Wednesday, October 13, 2021

Morning at Hug Point

One of the joys of being retired - the ability to go somewhere on a weekday and avoid weekend crowds.  The Oregon coast is just over an hour's drive from my house.  One September morning I decided to visit Hug Point, one of my favorite close-to-home beaches.

Large rock on the beach

It was the Tuesday after Labor Day, and since school had just started for most folks I thought it would be a good time to see the beach without too many people.

Sunlight breaking through the morning fog

Hug Point State Recreation Site boasts a stunning coastline that features sea caves carved by waves from sandstone cliffs.  It also has a seasonal waterfall.  But best of all, at low tide visitors can access an old wagon road chiseled out of a rocky headland.

Unusual rocky shoreline

Another way to avoid crowds - get an early start.  Well, that usually works.  However on this day, although arriving shortly after 8 am, I was surprised to see several large groups of people already walking the beach.  And many of these groups included young children (shouldn't they be in school?)

Lots of people on the beach for such an early hour!

Despite the unexpected masses, it was a fine morning to be on the beach.  The sun was just beginning to break through a fog bank, sending lovely shafts on light onto the sand.  I'd timed my arrival for low tide, not only to access the old wagon road but also in hopes of seeing some tidepool life.

Looking towards Hug Point

A pleasant half mile walk from the parking lot got me to the foot of a large headland where the old roadbed was located.  There's also a large sea cave directly adjacent to the roadway's beginning and a nearby waterfall (which today was dry, due to the hot, rainless summer).

This old wagon road was blasted from the rocky headland

After waiting for a family group to climb onto the old wagon road and move a sufficient distance away, I clambered onto the rocky shelf for a look around.  This makeshift "road" was blasted into the headland rock near the beginning of the 19th century.  At the time, no highways existed on the Oregon coast, and the only way people could travel was to use the beach.  There was no way to get around Hug Point's headland, even at low tide, so early pioneers created this path to allow travel to proceed.  Hug Point got it's name because travelers using this primitive road had to "hug" the cliffs closely as they traversed around the headland.

Anemones in the tidepools on Hug Point

Because the Hug Point shelf is underwater during high tide, you can find sea creatures in pools of leftover water at low tide.  Right away I noticed one such tidepool was full of colorful anemones.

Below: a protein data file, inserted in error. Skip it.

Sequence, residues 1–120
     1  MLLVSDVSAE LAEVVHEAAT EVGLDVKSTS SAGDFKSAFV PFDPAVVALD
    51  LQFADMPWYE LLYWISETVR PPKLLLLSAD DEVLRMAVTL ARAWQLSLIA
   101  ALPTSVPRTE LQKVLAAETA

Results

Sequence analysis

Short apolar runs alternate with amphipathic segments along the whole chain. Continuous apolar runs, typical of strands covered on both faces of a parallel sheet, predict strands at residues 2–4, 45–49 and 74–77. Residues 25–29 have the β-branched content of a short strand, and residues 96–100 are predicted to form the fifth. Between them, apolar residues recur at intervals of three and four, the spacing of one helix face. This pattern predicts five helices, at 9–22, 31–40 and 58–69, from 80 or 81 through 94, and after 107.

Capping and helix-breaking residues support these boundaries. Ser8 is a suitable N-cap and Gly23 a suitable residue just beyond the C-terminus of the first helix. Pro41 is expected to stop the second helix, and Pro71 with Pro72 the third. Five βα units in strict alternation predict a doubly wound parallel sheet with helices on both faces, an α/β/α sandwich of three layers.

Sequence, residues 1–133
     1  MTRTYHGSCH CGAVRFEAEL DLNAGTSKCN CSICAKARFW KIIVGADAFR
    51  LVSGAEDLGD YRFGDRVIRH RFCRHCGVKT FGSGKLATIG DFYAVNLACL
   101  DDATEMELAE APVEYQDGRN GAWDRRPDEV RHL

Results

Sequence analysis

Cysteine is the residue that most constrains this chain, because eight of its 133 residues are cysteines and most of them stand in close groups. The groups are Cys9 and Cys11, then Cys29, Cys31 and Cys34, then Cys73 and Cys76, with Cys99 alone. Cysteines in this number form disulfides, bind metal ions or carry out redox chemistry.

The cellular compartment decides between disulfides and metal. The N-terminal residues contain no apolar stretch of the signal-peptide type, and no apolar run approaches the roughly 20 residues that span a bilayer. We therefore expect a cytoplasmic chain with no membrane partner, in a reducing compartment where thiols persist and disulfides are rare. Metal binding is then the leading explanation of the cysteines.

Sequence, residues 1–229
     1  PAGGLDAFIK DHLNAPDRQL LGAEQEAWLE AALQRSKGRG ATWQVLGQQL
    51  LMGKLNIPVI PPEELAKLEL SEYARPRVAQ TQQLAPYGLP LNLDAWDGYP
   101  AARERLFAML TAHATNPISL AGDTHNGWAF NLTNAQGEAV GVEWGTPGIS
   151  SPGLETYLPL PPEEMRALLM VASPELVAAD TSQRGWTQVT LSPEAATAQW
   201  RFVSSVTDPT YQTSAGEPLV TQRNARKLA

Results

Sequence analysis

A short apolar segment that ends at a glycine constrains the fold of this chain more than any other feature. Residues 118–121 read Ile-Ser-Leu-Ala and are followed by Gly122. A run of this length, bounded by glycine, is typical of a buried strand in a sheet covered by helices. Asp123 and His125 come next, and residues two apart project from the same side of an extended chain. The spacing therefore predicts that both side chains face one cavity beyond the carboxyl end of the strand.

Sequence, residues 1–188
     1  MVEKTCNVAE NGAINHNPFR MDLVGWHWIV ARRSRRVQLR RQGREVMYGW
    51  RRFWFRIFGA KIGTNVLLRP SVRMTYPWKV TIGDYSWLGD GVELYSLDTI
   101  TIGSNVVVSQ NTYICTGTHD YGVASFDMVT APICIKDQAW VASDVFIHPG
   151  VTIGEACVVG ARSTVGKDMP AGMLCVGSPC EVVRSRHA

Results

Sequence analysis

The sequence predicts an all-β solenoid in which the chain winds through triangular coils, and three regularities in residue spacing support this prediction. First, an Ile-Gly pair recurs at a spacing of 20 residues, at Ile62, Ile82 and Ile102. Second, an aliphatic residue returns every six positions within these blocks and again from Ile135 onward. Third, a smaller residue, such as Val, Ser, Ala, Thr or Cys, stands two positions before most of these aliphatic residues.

Beach views from the north side of Hug Point

After a few quick shots, a family with several kids crowded around the tidepool I was photographing.  Not keen on being around so many people, I decided it was time to leave.

More tidepool creatures

I traversed the short distance across Hug Point to the beach located on the north side.  Below the old wagon road were several large tidepools.  They were full of anemones of all sizes and colors. 

Green anemones squished together

Much photography commenced!

Loved the light on these anemones

I've been visiting this beach for many years, and I remember a time when the tidepools used to include seastars.  However, in 2014 an unknown wasting disease killed up to 90 percent of the starfish population on the West coast.  I understand that seastars are now making a comeback, but I've yet to see any in the tidepools in the northern Oregon coast.

A group of colorful anemones

Despite the lack of seastars, the variety and number of colorful anemones in Hug Point's tidepools more than made up for these missing creatures.

Looking south from Hug Point wagon road

After a good half hour tidepool photography session, I noticed the waves and ocean level beginning to increase.  The tide was starting to come in.  Time to skedaddle back across Hug Point!  Not passable in high tide, you don't want to linger too long and be caught on the secluded beach north of Hug Point. 

Ocean view from Hug Point

Hiking back across the rocky shelf, the fog had now lifted enough to allow capture of some sweeping ocean views.

Sun rays illuminate a heart in the sand

But there was still enough foggy mist to make for some cool images.  The sun's rays beaming down from shoreline cliffs illuminated this heart drawn in the beach sand.

Wonderful sunlight in the forest

And sunlight bursting from behind the trees in the forest adjacent to Hug Point's parking lot was spectacular.  Kind of looked like an angel descending from Heaven.

View from Crescent Beach trail

After spending a wonderful two hours at Hug Point, I drove back north to hike at nearby Ecola State Park, next to the town of Cannon Beach.  Taking the short, but steep Crescent Beach trail I slogged through lovely coastal forest, complete with more fabulous sun rays.  The trail offered a few glimpses of the beach to come.

Lovely forest on Crescent Beach trail

By the time I reached Crescent Beach, it was near noon, and the light wasn't great for photography.  But I enjoyed a quick break watching the waves crash on the sand and several pelicans diving into the ocean for lunch (about then I was wishing I'd packed my big lens!)

Although I live so close to the Oregon coast most of my time is spending heading in the opposite direction to the mountains and Columbia River Gorge.  This trip was a reminder that there's also plenty of good stuff to see if I point my car west of home!

Thursday, September 30, 2021

Hiking Through a Ski Area

Most folks who ski (and probably some that don't) assume that ski areas in the off-season months are bleak, bare, god-forsaken places.  Once the snow melts, skiers normally abandon the lifts in search of other weather-appropriate activities.  In the past, ski resorts sat empty all summer, even though many of them were in gorgeous mountain locations.